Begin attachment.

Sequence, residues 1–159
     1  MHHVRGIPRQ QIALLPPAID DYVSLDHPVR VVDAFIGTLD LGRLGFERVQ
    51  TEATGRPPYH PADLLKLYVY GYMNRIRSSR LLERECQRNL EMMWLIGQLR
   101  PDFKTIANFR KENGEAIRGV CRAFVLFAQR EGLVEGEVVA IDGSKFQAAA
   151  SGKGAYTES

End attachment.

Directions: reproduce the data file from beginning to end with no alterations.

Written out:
Sequence, residues 1–159
     1  MHHVRGIPRQ QIALLPPAID DYVSLDHPVR VVDAFIGTLD LGRLGFERVQ
    51  TEATGRPPYH PADLLKLYVY GYMNRIRSSR LLERECQRNL EMMWLIGQLR
   101  PDFKTIANFR KENGEAIRGV CRAFVLFAQR EGLVEGEVVA IDGSKFQAAA
   151  SGKGAYTES